Saturday, April 12, 2014

Gadgets and Gear: Headphones

Since my last post in the Gadgets and Gear section I have been looking to upgrade my headphones and it was a lot harder decision that I originally thought it would be.

I had just a few requirements for new headphones. They had to be Over-Ear design, had to have good passive isolation to outside noise, had to be comfortable for long listening sessions, and they couldn't have the over blown bass that is so popular these days.


It has taken me 8 months to find a set that fit the bill and while they don't make every point on my list they come close. I tested every set of headphones that I could find locally and they all fell way short on at least one and usually most of my requirements. They either had no noise isolation at all (open back design) or were terribly uncomfortable on my ears. The only real contenders were the Bose QuietComfort 15 and the Sol Republic Master Tracks XC.


The Bose headphones are $300.00 and active noise cancelling which is more than I wanted to spend and not a feature I wanted. The Sol Republic were almost as much ($250.00) and were difficult to find.




I had just about resigned myself to sticking with the headphones I had now (Philips O'Neill Snug's) and coping with the poor sound isolation and uncomfortable fit when while walking though a local store I found a set of Sol Republic Master Tracks (not the XC) on clearance for 75% off. Now the standard Master Tracks are different from the XC even though they share a series and look. The XC are studio tuned and have a much flatter sound pattern than the Master Tracks which have a bass heavy design like most modern headphones.  That being said, for 50ish dollars I couldn't pass it up.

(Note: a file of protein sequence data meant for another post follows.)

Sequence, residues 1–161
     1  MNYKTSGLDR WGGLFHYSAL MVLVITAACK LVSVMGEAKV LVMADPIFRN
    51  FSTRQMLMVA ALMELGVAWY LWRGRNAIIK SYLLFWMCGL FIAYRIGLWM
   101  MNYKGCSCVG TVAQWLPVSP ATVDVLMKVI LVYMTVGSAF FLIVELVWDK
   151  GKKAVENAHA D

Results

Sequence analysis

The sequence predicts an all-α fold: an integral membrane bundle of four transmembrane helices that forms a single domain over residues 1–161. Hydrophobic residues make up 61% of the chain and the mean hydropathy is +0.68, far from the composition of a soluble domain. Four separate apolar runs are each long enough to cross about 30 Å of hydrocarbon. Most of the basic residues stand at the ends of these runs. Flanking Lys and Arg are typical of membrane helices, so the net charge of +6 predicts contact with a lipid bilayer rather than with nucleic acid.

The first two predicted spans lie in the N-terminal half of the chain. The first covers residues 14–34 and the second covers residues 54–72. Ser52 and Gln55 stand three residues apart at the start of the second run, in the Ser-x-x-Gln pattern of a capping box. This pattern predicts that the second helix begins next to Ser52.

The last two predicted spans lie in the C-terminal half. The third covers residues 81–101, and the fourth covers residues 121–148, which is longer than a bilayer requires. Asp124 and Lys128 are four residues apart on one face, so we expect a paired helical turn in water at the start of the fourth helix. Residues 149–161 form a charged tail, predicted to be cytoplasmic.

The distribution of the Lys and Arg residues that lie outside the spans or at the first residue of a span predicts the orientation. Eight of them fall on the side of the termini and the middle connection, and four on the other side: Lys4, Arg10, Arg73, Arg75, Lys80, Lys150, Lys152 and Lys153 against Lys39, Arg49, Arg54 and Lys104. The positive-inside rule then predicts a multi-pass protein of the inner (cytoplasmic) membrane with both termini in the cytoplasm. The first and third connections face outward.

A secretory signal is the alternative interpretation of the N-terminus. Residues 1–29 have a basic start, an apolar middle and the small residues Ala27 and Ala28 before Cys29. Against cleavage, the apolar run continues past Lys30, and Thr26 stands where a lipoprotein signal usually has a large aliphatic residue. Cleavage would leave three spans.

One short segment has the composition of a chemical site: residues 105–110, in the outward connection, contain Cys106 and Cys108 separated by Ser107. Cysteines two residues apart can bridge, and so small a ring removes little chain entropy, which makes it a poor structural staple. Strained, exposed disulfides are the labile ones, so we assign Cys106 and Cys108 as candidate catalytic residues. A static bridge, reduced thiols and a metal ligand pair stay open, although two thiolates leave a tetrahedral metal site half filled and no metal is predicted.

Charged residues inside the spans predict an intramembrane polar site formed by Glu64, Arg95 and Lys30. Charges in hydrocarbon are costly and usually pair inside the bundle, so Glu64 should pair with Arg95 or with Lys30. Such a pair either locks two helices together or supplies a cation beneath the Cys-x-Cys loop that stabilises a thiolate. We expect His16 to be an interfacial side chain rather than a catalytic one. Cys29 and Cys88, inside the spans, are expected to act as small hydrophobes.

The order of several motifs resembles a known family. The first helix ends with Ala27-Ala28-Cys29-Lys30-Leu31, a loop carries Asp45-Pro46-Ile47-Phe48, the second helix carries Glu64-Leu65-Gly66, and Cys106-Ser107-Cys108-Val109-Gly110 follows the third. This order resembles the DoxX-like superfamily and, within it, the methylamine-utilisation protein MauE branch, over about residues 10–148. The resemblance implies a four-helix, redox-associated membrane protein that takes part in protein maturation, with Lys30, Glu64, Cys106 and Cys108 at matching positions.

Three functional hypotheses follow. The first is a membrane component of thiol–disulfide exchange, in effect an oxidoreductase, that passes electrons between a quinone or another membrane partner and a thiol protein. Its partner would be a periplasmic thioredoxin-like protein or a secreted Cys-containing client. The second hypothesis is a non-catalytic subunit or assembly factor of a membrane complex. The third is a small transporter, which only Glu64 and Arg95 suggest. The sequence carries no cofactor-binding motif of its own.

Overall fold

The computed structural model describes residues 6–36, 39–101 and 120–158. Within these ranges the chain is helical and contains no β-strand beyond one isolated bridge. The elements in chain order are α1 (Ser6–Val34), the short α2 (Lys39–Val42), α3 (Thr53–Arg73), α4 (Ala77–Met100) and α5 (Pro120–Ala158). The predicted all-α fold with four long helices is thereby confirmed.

The Master Tracks are comfortable, sound great, and do an admirable job of passive sound isolation. I have been using them for a few days now and I think they are a good compromise. The bass is a bit heavier than I would like, but the mid and highs are great. I haven't tried them with my FiiO E11 amplifier yet because I haven't needed to. Straight out of both my iPhone 5 and my Note II the sound is loud, clear and crisp.

I can wear them comfortably for 4 hours or so, after that I need to look for a break. The pressure from the headband becomes a bit much and the ear cups begin to get too warm for comfort. That is however about and hour and a half more than I can get out of any other headphones or earbuds I have.

Sol Republic headphones all share a similar design where the band is separate from the "speakers" and the band is interchangeable with other headphones and a large selection of custom headbands sold by Sol Republic. In the photos of my set, you will see a replacement band I purchased (also on clearance for $8.00) because I wanted a more disposable headband than the original which was much nicer than the normal bands with a full wrap around it instead of just a pad underneath the band.

They come with a remote control cable, 3.5mm to 1/4" adaptor and a (rather cheap looking) vinyl carrying bag. The only thing I could ask for (especially at the original $200.00 price point) would be a better carry case. I will be putting these headphones in to gear bags and backpacks and something to better protect them would be appreciated.


Sol Republic's web site does offer accessories and parts, however a better case is not one of the options. You can purchase new cables, headbands and even replacement "speakers" from the website as well as get a custom made set of headphones.

Should you be in the market for a nice set of headphones I can and do strongly recommend the Sol Republic Master Tracks.

This post was written while listening to The Hobbit: An Unexpected Journey soundtrack through my iPhone 5 and these headphones, It was a pleasure I hope to enjoy again and again.

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